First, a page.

Sentinel-Echo.com

Opinion

December 12, 2013

A Canuck in Kantuck: Prairie bread in the Kentucky hills

(Continued)

LAUREL COUNTY, Ky. —

Tying an apron around her waist, Carol immediately got to work, her chirpy instructions mixed in with wonderfully amusing stories about her childhood in a small town in Saskatchewan. Those largely revolved around her mom, a slim, attractive woman who hated to cook and hated a dirty kitchen even more. So Carol turned to her British grandmother, who taught her to bake English staples like steak and kidney pie until she moved to California.

Carol was then left to her own devices, and soon her interest turned to baking. As she added flour to her mighty mixer, Carol talked about her many failures, the most amusing of which was the time when she thought her yeast had failed and she dumped her project in the garbage can. It was of course her mother who discovered an hour later that the warmth of the garbage scraps had activated the yeast and the dough swelled so heartily it pushed the scraps right onto the floor.

As she talked, I noticed that a most lovely dough was being formed in the mixer and when she turned it out onto the counter top, she had me put my hands on it. It was warm, elastic, heavy as a baby, perfect.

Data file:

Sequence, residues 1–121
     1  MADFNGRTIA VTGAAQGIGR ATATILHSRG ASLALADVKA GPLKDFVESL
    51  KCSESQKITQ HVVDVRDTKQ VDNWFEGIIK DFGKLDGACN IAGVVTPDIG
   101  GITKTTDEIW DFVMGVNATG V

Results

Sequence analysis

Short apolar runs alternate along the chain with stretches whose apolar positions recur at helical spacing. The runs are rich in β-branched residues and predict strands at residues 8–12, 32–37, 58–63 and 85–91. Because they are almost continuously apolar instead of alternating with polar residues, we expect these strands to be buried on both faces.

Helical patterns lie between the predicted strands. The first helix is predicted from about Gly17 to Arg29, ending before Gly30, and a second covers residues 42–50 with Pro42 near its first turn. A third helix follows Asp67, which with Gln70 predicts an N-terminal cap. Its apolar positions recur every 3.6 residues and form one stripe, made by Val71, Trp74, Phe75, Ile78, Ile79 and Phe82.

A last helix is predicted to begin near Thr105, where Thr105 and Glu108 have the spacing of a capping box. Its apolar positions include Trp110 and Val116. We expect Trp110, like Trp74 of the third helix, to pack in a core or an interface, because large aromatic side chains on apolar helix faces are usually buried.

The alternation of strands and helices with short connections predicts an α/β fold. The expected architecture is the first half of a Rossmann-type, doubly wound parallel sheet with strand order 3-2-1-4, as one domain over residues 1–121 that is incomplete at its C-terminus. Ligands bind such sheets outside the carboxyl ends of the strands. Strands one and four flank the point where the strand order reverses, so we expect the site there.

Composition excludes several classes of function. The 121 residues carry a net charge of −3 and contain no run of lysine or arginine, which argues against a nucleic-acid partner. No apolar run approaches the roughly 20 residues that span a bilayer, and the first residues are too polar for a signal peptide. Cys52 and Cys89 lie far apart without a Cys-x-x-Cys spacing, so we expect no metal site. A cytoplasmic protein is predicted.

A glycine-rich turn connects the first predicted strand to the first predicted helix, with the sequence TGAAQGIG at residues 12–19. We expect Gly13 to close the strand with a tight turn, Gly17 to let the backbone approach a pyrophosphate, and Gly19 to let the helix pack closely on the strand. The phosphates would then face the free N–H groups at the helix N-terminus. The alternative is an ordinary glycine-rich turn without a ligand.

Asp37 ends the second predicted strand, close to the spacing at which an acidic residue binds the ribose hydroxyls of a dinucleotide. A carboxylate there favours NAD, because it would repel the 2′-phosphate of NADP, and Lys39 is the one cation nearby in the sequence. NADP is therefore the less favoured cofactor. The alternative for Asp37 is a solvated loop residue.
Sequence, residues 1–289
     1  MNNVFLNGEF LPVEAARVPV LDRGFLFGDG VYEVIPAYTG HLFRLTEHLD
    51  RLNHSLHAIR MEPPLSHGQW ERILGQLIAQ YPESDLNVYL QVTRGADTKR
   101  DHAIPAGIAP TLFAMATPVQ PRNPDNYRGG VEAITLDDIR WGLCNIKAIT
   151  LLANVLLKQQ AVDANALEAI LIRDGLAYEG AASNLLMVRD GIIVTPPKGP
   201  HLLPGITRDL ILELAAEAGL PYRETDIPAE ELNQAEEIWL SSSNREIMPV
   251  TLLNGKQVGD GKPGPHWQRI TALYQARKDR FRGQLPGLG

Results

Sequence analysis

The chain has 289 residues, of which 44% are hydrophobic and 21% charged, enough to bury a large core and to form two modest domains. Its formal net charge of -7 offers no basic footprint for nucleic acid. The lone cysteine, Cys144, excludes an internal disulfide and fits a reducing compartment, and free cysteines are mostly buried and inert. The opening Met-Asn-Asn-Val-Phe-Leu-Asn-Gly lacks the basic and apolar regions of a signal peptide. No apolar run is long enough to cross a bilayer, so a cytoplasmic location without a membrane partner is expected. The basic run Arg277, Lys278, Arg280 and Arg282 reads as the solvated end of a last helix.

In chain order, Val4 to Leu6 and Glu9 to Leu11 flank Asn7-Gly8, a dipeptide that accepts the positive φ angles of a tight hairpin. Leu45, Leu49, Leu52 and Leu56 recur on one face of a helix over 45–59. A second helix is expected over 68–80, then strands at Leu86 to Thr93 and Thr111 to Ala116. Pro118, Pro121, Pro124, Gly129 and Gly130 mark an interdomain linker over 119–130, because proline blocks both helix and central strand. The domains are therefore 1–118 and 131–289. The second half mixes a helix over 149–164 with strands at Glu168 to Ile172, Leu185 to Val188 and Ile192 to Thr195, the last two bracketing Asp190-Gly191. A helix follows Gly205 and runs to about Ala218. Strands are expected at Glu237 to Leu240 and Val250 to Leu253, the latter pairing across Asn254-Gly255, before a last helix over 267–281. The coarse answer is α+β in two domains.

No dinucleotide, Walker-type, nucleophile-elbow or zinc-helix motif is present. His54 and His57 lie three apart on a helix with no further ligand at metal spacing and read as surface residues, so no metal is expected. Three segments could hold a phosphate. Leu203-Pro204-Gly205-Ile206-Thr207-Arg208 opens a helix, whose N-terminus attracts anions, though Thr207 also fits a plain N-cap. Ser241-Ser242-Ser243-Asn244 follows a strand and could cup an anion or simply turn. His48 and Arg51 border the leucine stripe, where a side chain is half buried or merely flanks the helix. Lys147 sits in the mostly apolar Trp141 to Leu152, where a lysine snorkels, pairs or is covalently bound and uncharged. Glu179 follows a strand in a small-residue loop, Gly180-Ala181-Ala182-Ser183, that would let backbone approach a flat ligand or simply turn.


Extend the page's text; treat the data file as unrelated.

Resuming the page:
“Now you knead it just a little — I think of it as giving it CPR,” she said confidentially, folding a piece of dough over and firmly sinking her knuckles and palms into the dough.

I watched, taking copious amounts of notes and mentally preparing myself for the occasion when I would be doing this on my own at home. Which, a week later, I had a chance to do and baked three pretty good loaves of bread courtesy of Carol’s recipe, the secret to which is oatmeal.

Anyway, two days ago while I was spending a few days in Winnipeg, Carol arrived with her banker’s box again. This time our project was a table centerpiece that looked like a bunch of grapes, with each grape actually a little bun covered in poppy seeds. Once again, Carol shared her wealth of knowledge, and I ate it up nearly as happily as I ate the grape-buns we eventually baked. It was while I was watching her expertly disengage the dough from her mixer whisk that I realized the true happiness that comes from baking bread.

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Now that school is out, what are your family’s summer vacation plans?

A. No major plans. We will probably hang out around Laurel County.
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